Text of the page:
The weather forecast was bad but we scored the only good part of the day, setting off mid-morning to hire a pedal car and attempt to ride beside the lake. It was my idea. People riding along in pedal cars always look so cheery, and I thought it was a thing I might be able to do. Dac had been sceptical, warning of the sheer scary amount of pedalling involved, but gave in to my insistence.
He did request that there should be no screaming. Years ago, he put me on his bike in the back yard and whooshed me about, trying to teach me to ride. I was unable to prevent myself from screaming throughout. This time I did better – on that front, at least.
There was only one other car in the Mr Spokes carpark when we arrived, and we were soon sitting in our fully-paid-up pedal car, discovering that my legs barely reached the pedals. I admit that my legs aren’t long, but tiny people were pedalling by looking perfectly calm and in control. What was going on?
Furthermore I felt quite sure we were going to thunder down the slope from the hire place to the lakeside path and fall straight into the lake. “See what it’s like when someone else has the steering wheel!” said Dac, who was in charge. He kept us out of the lake.
The lakeside path near the hire place is quite narrow. It was full of unlooked-for hazards such as children running out under our wheels, and cyclists trying to hoon between us and oncoming pedestrians. We had to maintain a certain amount of speed in order to keep going at all, which meant that we overtook people (calling out to them in warning) once or twice. One man was outraged and made a point of speeding up and overtaking us in turn -and then of course slowing down and blocking the path. What an oaf!
Because I felt as if the pedals were going backwards when I tried to push them, and couldn’t keep my feet on them anyway, Dac did all the pedalling till we reached a point where we could stop. This was just under the bridge, at the start of the R G Menzies walk – we’d come possibly 800m. We pushed the pedal car off the path and sat on the seat while I panicked for a while.
It was clear to me that I couldn’t go on. Even on the couple of occasions when I’d managed to turn the pedals, my artificial knee had complained bitterly. The small bike seat wasn’t something I was getting used to, either. While we were sitting recovering, I saw several excellent dogs, including a standard poodle which I’m pretty sure I’ve also seen in Bowen Park and Kingston. I was too demoralised, though, to think of photos and cards.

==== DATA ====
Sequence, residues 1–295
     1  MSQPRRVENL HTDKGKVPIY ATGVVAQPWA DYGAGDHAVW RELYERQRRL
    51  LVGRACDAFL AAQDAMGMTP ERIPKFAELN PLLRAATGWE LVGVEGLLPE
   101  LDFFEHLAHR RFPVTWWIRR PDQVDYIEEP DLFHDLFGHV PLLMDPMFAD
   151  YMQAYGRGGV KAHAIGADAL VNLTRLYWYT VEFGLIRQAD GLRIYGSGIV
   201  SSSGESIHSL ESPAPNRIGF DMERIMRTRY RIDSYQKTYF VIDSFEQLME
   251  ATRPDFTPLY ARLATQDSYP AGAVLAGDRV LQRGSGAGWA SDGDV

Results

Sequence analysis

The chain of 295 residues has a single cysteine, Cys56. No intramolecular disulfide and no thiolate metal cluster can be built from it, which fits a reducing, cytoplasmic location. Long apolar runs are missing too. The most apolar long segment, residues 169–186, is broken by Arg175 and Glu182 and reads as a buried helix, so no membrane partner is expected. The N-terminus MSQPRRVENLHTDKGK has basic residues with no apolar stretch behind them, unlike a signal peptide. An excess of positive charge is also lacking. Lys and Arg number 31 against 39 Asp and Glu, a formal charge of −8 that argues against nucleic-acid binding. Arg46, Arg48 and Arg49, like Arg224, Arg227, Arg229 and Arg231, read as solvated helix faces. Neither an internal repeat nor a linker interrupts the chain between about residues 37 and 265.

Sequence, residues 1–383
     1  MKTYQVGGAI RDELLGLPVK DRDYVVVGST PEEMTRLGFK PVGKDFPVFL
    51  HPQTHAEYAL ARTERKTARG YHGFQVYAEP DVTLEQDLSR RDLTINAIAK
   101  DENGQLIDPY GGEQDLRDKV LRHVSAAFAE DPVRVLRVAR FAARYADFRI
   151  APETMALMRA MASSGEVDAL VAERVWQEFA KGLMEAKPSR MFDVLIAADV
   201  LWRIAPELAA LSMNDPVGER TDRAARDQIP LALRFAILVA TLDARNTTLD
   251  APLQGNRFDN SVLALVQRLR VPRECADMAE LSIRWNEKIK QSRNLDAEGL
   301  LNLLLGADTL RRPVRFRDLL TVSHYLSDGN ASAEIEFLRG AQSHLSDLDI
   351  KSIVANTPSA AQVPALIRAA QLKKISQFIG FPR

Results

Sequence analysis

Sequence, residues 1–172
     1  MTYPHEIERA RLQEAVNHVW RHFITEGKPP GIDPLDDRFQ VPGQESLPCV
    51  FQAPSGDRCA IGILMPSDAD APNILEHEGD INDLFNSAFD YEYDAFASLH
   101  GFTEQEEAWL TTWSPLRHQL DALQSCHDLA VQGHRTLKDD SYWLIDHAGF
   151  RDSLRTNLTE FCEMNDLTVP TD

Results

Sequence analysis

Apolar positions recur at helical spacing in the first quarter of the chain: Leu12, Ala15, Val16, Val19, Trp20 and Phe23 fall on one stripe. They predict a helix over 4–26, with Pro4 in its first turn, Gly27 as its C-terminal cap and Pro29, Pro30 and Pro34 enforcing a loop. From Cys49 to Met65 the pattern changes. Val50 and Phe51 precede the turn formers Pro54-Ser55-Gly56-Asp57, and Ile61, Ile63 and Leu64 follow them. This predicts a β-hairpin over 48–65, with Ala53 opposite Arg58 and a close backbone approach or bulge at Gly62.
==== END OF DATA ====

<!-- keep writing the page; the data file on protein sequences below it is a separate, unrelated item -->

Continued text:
Dac gave me some lessons in turning the pedals, but I just wanted to go back. I managed to help a bit with the pedalling on the return trip, but my left foot kept wanting to slip off. Stirrups like the ones on my old exercise bike would have helped! We had to keep way over on the narrow path, to leave room for the oncoming traffic. On the way back, this meant I was extremely close to the water’s edge. Nerveracking!
I’m sure I was a complete ingrate, especially as Dac hadn’t believed it was a good idea in the first place, and then got lumbered with nearly all the work. I was grateful to him when he suggested a small walk in the Botanic Gardens instead.
The nice man refunded us some of the hire charge. Even though only about half an hour had passed, the carpark had filled up completely. It was the first day of Floriade.
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The degree of dubiety I encounter when I attempt to show anyone the way to anywhere is probably justified. Nevertheless, I was right about the start of the Main Loop Walk at the Gardens. After all, I’d been there only a few weeks before, with Annabel and Helen. Where I went wrong was after the Rock Garden. I was still trying to follow the Main Loop Walk, when what was wanted was a quick route down to the cafe.
We were very pleased to see water monitors at the Gardens. These thumbnails are linked to bigger pictures:
Evidently they hide in the winter, and the spring has brought them forth.